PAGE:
Lawyers know that cases often are won or lost before the opening arguments.
Decisions made in pretrial hearings over what evidence will be allowed and what witnesses may be questioned shape the story the jury will hear. Even the sharpest orators admit the "frame" that has been created for the case is where it is won or lost.
Propagandists, politicians and pundits, also know the importance of "frames."
And on the premiere issue facing America right now - this costly, dangerous and immoral war in Iraq - the warmongers are winning the battle of the frame with the help of many in the mainstream media.
Answer this. Was the congressional vote this week on a war appropriation with deadlines (or benchmarks or a timeline or whatever jargon they finally agreed to) a vote:
1. to bring the war closer to its end and bring the troops home, or
2. to cut off funding for the troops?
We all know the answer is A, but the warmongers and the corporate media are fiercely pushing B, and it is sticking as the frame for this issue.
Saying this vote is about "cutting off funding for the troops" is absurd. It sounds like a bunch of unpatriotic, ungrateful "liberals" want to strand idealistic young people who have been fighting for our freedom in an Asian country without the means to defend themselves or get home.
Abandon comes to the mind's eye.
And that's bullshit. But it's the frame that brings a sigh of relief to the Bush Administration every time they hear it from Chris Matthews and Tim Russert and everyone else the administration browbeats with the threat of calling l-i-b-e-r-a-l if they don't toe the administration line.
There is not one single American who wants to abandon our fighting men and women, but a lot of us want to bring them home.
I say it's time to call anyone who uses the phrase "cut off funding for the troops" to describe that vote what they are: a liar.
For the life of me, I can't figure out why the Democratic leadership doesn't go ballistic every time someone talks about "cutting off funding for the troops."
If our elected leaders don't do it, we have to. When you hear it, stop the discussion. Get mad. Don't continue talking or listening to anyone who frames the discussion any way except when will we "bring the troops home."
When Rahm Emanuel, whom I've liked over the years, says the vote this week was the beginning of the end of the Bush War, I can't believe he and I are on the same planet. To me, it was the escalation of the Bush War.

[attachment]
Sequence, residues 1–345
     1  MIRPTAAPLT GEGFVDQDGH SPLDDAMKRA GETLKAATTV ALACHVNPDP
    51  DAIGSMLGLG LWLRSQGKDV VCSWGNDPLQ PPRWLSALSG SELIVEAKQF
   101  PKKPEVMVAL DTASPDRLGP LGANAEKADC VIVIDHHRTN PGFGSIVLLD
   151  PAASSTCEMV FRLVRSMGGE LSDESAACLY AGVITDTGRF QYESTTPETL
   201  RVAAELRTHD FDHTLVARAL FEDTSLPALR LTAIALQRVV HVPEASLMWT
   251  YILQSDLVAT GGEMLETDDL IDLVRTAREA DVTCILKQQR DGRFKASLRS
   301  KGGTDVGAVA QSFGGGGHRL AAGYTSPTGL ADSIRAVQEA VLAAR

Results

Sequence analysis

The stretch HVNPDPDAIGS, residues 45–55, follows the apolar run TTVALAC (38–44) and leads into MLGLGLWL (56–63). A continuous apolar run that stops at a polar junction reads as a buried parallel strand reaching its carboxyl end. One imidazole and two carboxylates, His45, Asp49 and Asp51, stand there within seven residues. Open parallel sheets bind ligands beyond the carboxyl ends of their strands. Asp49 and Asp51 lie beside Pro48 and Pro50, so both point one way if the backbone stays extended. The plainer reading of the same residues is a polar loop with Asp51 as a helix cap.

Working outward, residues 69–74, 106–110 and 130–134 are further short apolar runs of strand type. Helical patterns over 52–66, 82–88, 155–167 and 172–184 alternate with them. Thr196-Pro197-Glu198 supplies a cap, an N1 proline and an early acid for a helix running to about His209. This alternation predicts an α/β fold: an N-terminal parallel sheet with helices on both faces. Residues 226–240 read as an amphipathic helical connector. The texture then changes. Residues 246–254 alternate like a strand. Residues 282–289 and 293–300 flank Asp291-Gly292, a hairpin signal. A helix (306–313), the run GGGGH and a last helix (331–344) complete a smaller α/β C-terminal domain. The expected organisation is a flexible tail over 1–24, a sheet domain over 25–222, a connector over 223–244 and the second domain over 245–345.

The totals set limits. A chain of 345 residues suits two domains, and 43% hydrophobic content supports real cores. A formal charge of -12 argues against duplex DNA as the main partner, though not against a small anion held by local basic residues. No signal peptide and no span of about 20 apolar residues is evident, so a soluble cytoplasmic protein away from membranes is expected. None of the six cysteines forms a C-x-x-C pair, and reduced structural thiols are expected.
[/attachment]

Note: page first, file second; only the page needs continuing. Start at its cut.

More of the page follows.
Was I imagining the stories about a "second surge"? Or was I just having a Vietnam flashback? (We call it a "surge," by the way, because the word "escalate" reminds us too much of Vietnam, sort of like the way we use "sectarian violence" instead of "civil war" and try and avoid the use of the word "quagmire." All of those are frames.)
The cold hard truth is our elected representatives - afraid to be tarred as an unpatriotic, ungrateful liberal by Rush Limbaugh, Matthews and every other media type who uses the phrase "cut off funding for the troops" - decided to wait until more of those idealistic young people who have been fighting for our freedom in Asia are killed over the summer to force the president to sign a bill that brings them home and ends this war that is making us less safe every day it continues.
The disgusting reality is that we know eventually Congress will vote to bring them home - the body count and the pictures of the carnage on television just haven't become horrific enough for our leaders to do what they were elected last November to do: end this war.
Maybe by September, that will have changed.
There should be a special memorial with the names of the soldiers who die between this week, when Congress backed down, and the time, hopefully this fall, when it stands tall and starts talking about this appropriation for what it is - money to bring the troops home.